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Writing Process? part seven – Self-publishing

Okay, so you have your manuscript. You’ve done all the things I recommended in my prep entry.

Make a new word document and copy paste the beautifully edited version of your book into it. Then copy paste your copyright page in the front, and your end matter into the back.

Formatting: you can format for free via Draft2Digital (and some people do it through Word, somehow), but the best and prettiest formatting is done through software called Vellum. It’s Mac only, and it’s expensive. If you have a kind friend who already has it, bribe them to do it for you.

Take a look around online for books similar to yours, and see what other people are pricing theirs at. You want your book to be a competitive price. Sometimes people price their books very high to start off with and it’s a bad call. Try and slot in with what others in your genre are charging.

Now, go upload your book on your chosen publishing platform. I’ve used Draft2Digital and Amazon, and I’ve found both of them very straightforward to use. Just make sure you have your ISBN, cover art and manuscript all ready to go.

They’ll take some time to process your book but just follow the steps and it’s done! It’s super easy.

If you’re anything like me, you’ll feel a little like you’re getting away with something you shouldn’t be allowed to do – but it’s fine!

You’re allowed to publish!

Go for it!

Once your book is out and live on Amazon (or wherever), comes the marketing part of things. I’m no expert, but I’ll post another blog about what I’ve learned about marketing soon. For now, once you’ve uploaded a book, you should set up your Author Central page, it allows people to click on your name and see all your books together. It also prevents other things coming up which aren’t yours.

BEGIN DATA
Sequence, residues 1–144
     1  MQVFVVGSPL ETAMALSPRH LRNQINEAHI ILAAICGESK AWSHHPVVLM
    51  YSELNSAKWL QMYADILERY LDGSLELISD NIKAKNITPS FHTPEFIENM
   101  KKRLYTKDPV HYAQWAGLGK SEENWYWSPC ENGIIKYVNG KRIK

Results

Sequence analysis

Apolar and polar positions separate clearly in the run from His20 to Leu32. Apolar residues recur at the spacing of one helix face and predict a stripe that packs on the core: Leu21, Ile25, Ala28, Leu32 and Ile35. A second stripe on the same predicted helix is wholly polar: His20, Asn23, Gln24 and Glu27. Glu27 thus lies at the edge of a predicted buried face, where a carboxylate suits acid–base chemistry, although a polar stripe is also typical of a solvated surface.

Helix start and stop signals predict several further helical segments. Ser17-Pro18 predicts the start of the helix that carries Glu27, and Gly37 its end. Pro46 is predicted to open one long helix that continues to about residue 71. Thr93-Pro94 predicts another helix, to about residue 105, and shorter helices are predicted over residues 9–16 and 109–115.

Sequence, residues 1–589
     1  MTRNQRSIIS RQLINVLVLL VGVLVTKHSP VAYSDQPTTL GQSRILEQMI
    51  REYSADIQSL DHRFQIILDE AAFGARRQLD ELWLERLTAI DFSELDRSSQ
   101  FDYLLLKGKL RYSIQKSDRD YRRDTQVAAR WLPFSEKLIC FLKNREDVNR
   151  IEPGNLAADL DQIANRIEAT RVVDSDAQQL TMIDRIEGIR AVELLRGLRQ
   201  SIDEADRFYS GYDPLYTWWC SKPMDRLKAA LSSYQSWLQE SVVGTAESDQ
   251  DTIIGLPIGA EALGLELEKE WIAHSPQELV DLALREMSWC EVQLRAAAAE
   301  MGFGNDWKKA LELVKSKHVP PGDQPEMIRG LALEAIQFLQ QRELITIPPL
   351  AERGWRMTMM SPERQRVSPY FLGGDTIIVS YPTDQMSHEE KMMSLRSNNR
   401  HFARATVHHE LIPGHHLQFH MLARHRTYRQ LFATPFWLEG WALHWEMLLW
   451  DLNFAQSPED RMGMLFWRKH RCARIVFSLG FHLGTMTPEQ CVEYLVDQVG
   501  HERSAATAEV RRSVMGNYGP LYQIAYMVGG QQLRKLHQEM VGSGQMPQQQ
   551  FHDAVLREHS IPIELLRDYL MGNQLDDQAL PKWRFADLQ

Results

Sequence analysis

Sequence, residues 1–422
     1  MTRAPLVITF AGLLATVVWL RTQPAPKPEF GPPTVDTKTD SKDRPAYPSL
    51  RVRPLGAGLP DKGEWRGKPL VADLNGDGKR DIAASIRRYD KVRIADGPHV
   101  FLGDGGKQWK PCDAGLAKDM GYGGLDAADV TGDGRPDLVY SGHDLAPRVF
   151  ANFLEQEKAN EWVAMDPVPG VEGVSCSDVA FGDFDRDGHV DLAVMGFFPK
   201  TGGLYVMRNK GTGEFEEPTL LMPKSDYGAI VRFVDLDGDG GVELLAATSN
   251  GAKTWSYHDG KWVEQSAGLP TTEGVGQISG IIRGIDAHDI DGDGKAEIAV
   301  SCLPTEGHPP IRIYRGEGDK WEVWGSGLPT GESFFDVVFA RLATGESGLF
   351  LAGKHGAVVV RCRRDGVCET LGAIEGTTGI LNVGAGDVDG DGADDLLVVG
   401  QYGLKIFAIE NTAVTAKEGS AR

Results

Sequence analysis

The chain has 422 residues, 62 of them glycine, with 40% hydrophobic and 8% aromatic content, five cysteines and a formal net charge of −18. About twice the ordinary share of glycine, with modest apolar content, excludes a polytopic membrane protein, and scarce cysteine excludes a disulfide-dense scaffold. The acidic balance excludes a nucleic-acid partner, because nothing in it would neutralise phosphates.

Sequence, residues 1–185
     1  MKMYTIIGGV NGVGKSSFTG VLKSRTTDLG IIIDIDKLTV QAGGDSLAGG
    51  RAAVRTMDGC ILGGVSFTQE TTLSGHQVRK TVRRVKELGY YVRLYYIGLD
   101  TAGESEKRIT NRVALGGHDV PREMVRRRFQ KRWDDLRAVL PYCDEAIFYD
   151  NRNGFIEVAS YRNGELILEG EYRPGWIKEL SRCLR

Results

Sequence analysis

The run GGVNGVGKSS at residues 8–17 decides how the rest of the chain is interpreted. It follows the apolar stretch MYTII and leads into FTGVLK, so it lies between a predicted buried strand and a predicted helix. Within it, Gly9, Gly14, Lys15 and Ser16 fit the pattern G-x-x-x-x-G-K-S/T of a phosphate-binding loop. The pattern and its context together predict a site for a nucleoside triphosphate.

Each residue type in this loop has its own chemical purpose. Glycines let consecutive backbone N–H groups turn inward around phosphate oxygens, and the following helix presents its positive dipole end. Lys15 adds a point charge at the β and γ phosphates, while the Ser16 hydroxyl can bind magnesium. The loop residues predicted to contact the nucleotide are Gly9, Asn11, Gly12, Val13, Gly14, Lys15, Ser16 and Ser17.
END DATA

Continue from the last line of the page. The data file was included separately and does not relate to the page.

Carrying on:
For example if you don’t have a terribly unique pen name, and you don’t set up your Author Central page, you might have screeds of results for people who have used or mentioned your name. Imagine all the John Smiths, and all the things various John Smiths may have published on Amazon, and your things are just jumbled into the results. Some of them may write in your genre, some may be publishing political diatribes which you don’t agree with and some may be so wildly outside your genre that you really don’t want their work showing up. Trust me, there’s a lot of bizarre stuff on Amazon…

What you want is for people to click on your name and ONLY see your things, plus with an Author Central page you can put a little biography and links to your social media, so it’s all good stuff.

Author Central is the website you need to sign up to. You can make three Author Central pen names under one KDP account, so it’s very worth setting up.

Author Central isn’t terribly intuitive to use, so I recommend you refer to this help page for guidance.

Previously in this series:
Part One – Starting out
Part Two – Characters
Part Three – Actually writing
Part Four – Sticking to it
Part Five – Editing and redrafting
Part Six – Publishing preparation

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Guest writers series: an interview with Sam Schenk

I have another author from the Witchy Fiction project stopping by today. First time author Sam!

Hi Sam, and welcome. Please tell us a little about yourself?

I’m a professional woman in STEM, the other parent of an autistic gayby, and an observer of human behaviour.  I’m a bisexual Xennial.  I watch/read sci-fi and fantasy (and spend a lot of time on Twitch), play video games, scuba dive, and write as a means to relax.

If you were to have a personal familiar, what animal would it be?  

This has changed a lot over the course of my life, if you would have asked 10 years + ago, I would have said a dog or a horse, but these days, it’s probably something small and easy to take care of – like a hummingbird.  That’d be cute and useful!